Ensenada,whales, dolphins and the fog... / 30 January 2012
Kia Orana tatou!
Our sail from Shelter Island Marina in San Diego, our Vaka's home away from home for the last 5 months or so, to our first port of call in Mexico was a nice smooth one. We were all scheduled to leave the marina at 1pm but as usual with a fleet of pacific islanders we actually departed at 4.15pm...good to know our unique pacific punctuality had not been affected yet by our short stay in the U.S.! The sails was a great introduction for all our new voyagers aboard Marumaru Atua as well as a good refresher for the rest of us. Not too cold with slight winds and broad rolling swells of about 1.5 - 2m. It was a strange swirling wind that kept changing direction from our port quarter to our starboard quarter and right behind us at times. We were alternating between 1 - 5 knots depending on which direction it was blowing from. It was still quite chilly but the constant change of direction kept us on our toes with the Oe steering and also having to change our sail tack accordingly. Everyone performed well though and got all the cobwebs out, and the new crew members followed orders well and started to pick up on things already! Happy with the progress! One of our new crew members on my watch also earned himself a nickname on this sail. Peia Patai Jr seems to have the uncanny ability to attract wind out of nowhere whenever it's his turn on the Oe (hence the 1 knot up to 5 knots description above). Anyway my watch were tossing around names starting with: wind master, then blow master, then blow boy which we liked (and is kind of his backup nickname), then it evolved into blow fish since we're out at sea....and of course that turned into Totara. So blow-boy or Totara it is from now on :)
We entered the Marina at Ensenada just after 2pm and moored ourselves in slot G30. I think we were all a little surprised at how it looked as we were all expecting something very mexican but instead it looked almost the same as the marina in SD that we had just departed...very flashy with superyachts and americans everywhere. The only difference this afternoon was the customs and inspection people who came aboard were indeed mexican! After we were properly tied up and Captain Peia (along with all the other captains) went along to the Port office to clear us, Jamaal Pakoti and myself promptly did a little exploring and were the first to discover the toilet and bathroom facilities...with the hot showers!! Yessss!! A welcome feature for all of us still trying to acclimatise to the colder temperatures. That evening after a nice dinner of Chicken Chop Suey created by Jamaal(with some guidance from our resident chef advisor Margaret), we were all given about 3 hours free time to explore Ensenadan from 6pm to our 9pm curfew. Watch Captaiin Sergio was on duty and kindly let the rest of his watch out to join us. We promptly set off in a 'small group' of about 30 islanders. We had been warned to be careful on the streets and to take ID's when re-entering the marina...but with our group of strong pacific voyagers strolling down the sidewalks I daresay we felt pretty safe anyway ;)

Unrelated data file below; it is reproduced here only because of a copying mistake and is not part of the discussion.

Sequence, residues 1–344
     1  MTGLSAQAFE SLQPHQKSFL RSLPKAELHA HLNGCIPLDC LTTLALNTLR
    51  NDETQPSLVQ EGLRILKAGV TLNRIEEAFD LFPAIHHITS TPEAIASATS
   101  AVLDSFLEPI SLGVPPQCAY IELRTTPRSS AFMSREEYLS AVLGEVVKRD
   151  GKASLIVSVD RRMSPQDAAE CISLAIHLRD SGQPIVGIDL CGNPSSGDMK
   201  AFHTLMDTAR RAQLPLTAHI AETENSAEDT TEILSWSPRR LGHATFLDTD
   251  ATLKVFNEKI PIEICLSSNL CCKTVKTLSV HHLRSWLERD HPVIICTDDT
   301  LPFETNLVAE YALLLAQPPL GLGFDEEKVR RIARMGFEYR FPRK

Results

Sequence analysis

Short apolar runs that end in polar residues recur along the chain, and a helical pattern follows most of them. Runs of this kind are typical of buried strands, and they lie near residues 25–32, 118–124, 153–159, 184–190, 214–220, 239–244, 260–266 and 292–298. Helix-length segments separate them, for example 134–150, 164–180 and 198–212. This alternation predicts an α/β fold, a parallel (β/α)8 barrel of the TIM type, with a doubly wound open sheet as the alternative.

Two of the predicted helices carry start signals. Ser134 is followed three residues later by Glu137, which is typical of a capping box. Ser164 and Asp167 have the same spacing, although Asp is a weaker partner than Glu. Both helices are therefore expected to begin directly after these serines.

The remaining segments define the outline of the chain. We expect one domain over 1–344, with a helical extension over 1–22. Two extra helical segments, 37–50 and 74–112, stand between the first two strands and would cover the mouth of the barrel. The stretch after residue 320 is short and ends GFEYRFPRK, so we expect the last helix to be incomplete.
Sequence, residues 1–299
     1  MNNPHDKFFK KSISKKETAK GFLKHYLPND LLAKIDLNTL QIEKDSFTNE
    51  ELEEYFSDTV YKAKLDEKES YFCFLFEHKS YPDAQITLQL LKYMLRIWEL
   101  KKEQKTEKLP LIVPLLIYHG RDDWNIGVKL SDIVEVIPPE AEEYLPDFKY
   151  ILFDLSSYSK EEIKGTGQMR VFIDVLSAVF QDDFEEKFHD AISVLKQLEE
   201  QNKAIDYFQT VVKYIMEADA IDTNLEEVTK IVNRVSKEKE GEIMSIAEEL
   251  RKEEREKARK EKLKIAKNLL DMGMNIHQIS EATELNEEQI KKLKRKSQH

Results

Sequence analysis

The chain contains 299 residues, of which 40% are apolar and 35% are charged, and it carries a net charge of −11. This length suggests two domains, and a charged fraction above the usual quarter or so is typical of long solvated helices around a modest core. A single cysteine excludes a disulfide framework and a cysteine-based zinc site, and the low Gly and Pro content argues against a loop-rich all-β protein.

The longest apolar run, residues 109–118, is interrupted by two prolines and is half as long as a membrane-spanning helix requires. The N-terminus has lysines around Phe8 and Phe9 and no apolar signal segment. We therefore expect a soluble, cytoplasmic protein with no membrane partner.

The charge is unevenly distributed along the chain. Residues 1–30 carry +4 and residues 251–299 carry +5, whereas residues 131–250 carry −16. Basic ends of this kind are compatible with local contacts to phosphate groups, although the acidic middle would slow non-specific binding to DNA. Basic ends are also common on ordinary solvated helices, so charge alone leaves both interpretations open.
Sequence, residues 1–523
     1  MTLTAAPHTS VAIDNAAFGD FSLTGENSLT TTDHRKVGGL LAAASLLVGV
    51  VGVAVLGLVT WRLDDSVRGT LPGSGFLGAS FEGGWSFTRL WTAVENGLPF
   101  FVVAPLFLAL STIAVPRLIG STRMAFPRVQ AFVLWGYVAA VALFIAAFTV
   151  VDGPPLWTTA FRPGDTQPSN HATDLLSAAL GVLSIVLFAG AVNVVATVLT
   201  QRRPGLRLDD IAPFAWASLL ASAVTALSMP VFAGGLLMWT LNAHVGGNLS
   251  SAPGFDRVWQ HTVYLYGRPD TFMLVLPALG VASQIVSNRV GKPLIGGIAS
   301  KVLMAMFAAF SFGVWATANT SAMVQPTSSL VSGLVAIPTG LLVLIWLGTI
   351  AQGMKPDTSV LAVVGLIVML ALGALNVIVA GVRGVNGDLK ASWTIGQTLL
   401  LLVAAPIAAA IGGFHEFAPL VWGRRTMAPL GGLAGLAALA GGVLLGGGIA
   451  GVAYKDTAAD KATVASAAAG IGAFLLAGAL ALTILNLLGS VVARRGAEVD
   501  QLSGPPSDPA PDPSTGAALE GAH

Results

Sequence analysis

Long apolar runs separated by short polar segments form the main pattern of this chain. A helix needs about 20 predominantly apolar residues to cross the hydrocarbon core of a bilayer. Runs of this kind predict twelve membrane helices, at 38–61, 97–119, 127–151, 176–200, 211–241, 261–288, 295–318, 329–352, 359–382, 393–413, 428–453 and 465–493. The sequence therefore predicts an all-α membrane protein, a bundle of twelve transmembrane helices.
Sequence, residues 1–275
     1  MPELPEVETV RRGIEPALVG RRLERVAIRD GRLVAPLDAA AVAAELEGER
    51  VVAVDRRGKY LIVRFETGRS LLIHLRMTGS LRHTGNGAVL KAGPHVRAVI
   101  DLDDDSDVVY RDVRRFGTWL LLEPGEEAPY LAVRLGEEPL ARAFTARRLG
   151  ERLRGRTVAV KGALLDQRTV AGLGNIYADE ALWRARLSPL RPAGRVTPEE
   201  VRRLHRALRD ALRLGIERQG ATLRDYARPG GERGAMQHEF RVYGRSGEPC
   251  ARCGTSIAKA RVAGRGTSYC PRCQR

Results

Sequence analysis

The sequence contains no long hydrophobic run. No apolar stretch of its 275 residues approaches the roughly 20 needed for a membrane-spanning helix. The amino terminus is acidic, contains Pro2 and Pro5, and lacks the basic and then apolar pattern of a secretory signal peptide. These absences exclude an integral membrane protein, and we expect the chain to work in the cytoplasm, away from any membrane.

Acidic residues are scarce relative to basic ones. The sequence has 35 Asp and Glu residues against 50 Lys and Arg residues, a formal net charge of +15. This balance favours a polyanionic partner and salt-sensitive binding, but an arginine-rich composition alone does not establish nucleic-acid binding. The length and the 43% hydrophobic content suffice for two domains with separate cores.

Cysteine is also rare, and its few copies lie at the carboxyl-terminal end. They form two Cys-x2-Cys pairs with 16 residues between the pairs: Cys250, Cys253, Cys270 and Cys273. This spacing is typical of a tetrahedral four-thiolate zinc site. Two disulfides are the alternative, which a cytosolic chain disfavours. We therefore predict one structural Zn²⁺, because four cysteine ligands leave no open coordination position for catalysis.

We found the main street and made our way down the port side (lol) right to the end, taking in the sights and sounds. A couple of things that stood out as a surprise for those in our group less-travelled were the beggars we encountered as well as the very pushy street vendors trying to follow us and guide us into their shops where they would offer just about anything and everything! Little did they know they were trying to sell to the wrong crowd! Pou ta tatou moni! Lol!